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What is  a probate property?

The term probate refers to the legal process whereby the estate of a deceased person is administered.  A probate property refers to that part of the estate which comprises the deceased person’s property.

Probate Property Sales

The sale of a probate property is usually more complicated than the sale of a non probate property.  Before a probate property can be sold the will must be found.  The will identifies the executors and the beneficiaries.  The executors need to apply and obtain what is known as Grant of Probate before they can legally sell the property.  It is often the case that the beneficiaries and the executors are not the same people.  At times they may not share the same priorities!


If someone dies without a will they have died intestate.  This is a situation which can complicate the process.  The beneficiaries are easily identified using the rules of intestacy.  The estate however needs to be administered by next of kin.   They will need to obtain what is known as letters of administration before the property can be sold.  If there is no next of kin the estate will revert to the crown estate.

Inheritance Tax

Inheritance tax is due on estates worth over £325,000.  It needs to be paid by the end of the sixth month after the person has died.  If you are late making the payment then interest becomes due.

Where we can help

If you are involved in the sale of a probate property you may find it more convenient to use our quick property buying service.  Our service is quick, efficient and convenient.  The service is especially convenient if you do not live locally.  It is ideal where the beneficiaries need to obtain the proceeds of the sale quickly.

To find out how we can help please call the above number or simply enter your postcode and complete your details.

Understanding the Mechanics of Probate Property Sales

In the vast majority of cases, probate property sales occur when an owner dies and the home is then passed on to next of kin or loved ones. The main reason that probate properties are attractive is that they are often priced lower than homes on the open market. However, those looking to sell a property in this manner need to be aware of some important steps to take. Preparation is also key, for there can be times when the process is not as straightforward as it may seem. Let’s take a look at this method in a bit more detail. You can then make the most appropriate decision when the time is right.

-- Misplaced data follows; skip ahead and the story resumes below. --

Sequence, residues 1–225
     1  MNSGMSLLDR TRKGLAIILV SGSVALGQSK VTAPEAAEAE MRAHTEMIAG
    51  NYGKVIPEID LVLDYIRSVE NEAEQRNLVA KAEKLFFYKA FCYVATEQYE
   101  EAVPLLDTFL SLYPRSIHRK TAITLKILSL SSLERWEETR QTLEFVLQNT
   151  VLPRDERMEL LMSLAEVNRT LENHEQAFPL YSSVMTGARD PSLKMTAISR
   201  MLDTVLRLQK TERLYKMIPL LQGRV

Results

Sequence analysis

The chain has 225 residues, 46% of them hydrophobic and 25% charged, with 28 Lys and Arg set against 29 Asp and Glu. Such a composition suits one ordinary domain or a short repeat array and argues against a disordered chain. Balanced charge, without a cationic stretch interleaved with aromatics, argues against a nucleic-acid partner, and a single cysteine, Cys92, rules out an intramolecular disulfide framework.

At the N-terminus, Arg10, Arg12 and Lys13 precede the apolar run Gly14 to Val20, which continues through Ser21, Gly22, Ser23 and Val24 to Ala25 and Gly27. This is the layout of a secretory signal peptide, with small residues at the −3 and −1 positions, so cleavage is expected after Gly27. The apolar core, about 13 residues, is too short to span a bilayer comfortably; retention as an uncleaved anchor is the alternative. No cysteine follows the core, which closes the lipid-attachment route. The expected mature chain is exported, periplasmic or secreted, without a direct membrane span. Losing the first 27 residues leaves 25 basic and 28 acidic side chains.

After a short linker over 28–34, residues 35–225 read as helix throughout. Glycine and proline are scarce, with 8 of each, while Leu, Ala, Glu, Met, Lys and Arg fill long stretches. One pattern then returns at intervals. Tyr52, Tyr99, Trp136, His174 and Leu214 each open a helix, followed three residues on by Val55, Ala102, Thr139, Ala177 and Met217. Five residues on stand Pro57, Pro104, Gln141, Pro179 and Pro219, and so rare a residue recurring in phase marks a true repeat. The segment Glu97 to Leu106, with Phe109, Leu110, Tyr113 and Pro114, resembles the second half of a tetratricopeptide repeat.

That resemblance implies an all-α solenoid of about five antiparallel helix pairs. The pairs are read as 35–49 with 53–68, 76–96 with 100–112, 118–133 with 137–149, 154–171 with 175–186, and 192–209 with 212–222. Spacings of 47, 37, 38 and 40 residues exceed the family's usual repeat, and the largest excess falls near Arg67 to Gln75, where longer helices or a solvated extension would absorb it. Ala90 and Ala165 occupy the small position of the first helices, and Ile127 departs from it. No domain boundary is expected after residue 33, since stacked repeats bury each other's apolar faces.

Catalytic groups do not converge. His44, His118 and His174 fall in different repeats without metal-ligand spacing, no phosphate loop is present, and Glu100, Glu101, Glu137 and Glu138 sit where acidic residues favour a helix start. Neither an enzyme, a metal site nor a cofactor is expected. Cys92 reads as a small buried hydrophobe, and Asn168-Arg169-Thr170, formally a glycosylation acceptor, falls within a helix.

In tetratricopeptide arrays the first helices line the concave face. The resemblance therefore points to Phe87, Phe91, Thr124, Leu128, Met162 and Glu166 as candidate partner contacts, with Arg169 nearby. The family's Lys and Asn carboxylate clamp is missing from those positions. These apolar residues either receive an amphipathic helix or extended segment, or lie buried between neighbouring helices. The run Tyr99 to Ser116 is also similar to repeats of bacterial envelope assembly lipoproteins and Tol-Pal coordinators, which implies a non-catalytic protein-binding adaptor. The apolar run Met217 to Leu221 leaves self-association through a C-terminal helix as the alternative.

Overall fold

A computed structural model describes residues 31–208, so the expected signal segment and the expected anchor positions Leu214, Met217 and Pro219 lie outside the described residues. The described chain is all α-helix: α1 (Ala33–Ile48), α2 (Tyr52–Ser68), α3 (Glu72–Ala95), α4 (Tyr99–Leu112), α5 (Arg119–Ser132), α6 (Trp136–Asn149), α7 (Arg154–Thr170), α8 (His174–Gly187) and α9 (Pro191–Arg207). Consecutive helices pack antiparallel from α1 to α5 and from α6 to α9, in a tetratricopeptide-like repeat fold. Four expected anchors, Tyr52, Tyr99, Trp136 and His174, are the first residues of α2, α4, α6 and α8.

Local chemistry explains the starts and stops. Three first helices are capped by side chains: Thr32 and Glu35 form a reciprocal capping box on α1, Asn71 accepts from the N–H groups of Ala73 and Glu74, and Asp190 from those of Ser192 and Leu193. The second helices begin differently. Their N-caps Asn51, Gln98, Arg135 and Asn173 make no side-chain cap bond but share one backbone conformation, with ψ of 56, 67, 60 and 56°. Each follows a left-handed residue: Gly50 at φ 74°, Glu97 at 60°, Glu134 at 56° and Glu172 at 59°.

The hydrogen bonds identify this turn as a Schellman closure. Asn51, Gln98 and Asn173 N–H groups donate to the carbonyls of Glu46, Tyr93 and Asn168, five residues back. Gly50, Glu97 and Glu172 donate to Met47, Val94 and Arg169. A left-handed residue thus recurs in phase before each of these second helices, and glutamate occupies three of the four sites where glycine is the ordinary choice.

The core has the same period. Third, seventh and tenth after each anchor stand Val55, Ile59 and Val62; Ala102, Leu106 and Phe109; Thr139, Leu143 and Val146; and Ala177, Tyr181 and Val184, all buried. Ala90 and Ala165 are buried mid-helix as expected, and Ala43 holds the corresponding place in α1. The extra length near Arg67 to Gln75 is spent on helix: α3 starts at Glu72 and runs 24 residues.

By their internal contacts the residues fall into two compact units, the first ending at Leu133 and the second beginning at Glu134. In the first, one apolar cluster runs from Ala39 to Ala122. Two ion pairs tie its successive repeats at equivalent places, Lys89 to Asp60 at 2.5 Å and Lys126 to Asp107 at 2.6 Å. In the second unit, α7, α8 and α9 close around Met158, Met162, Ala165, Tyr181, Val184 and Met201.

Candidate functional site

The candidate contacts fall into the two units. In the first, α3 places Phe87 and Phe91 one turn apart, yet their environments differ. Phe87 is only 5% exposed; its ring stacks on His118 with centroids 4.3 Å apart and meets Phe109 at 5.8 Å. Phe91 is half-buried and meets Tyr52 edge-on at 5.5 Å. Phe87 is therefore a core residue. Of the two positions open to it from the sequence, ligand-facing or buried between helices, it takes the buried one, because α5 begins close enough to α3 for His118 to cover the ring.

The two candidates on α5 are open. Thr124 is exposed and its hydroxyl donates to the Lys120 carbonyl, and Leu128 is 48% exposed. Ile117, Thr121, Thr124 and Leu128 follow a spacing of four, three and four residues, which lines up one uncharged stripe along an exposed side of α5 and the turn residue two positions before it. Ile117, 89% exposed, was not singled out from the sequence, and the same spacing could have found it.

Probate Property Sales: Basic Mechanics

Let us assume for a moment that an owner has recently died and you are the sole beneficiary named within the will. Before the real process begins, it is important that you receive a proper valuation for the property as well as any associated assets (such furniture, antiques or jewellery).

Then, you will need to apply for what is known as a grant of representation. This involves three steps:

– Filling out a probate application form (form PA1).
– Completing an Inheritance Tax form (if the home is valued over £230,000 pounds).
– Swearing an oath before a duly licensed government representative.

As you may imagine, this process can be a bit lengthy and complicated. So, it might be a good idea to use the expertise of a trained solicitor.

A Growing Market? Dealing with Competition

Recent studies have shown that as many as 1 in 10 homes on the market are in probate. This is obviously a great situation for the buyers, as they will be likely to get an excellent price. However, this can be a bit challenging in terms of probate property sales. The main concern is not only the asking price, but how this price compares to the housing market as a whole.

Another variable to take into account is the condition of the property itself. Many probate properties are in a poor or run-down state. Others could be cluttered with items that have been in storage for years or even decades. Unfortunately, many buyers are looking to avoid lengthy (and potentially expensive) cleaning processes. A home that is uncluttered and requires fewer repairs will fetch a far better price. You could also look at this as a great way to earn a bit of extra money before the sale itself. Place advertisements in local papers, look into regional boot sales and register with online auction sites. If you believe that specific antiques are very expensive, have them assessed by an independent expert as opposed to a property valuation alone. The proceeds from such sales could very well offset any court and legal fees that need to be paid.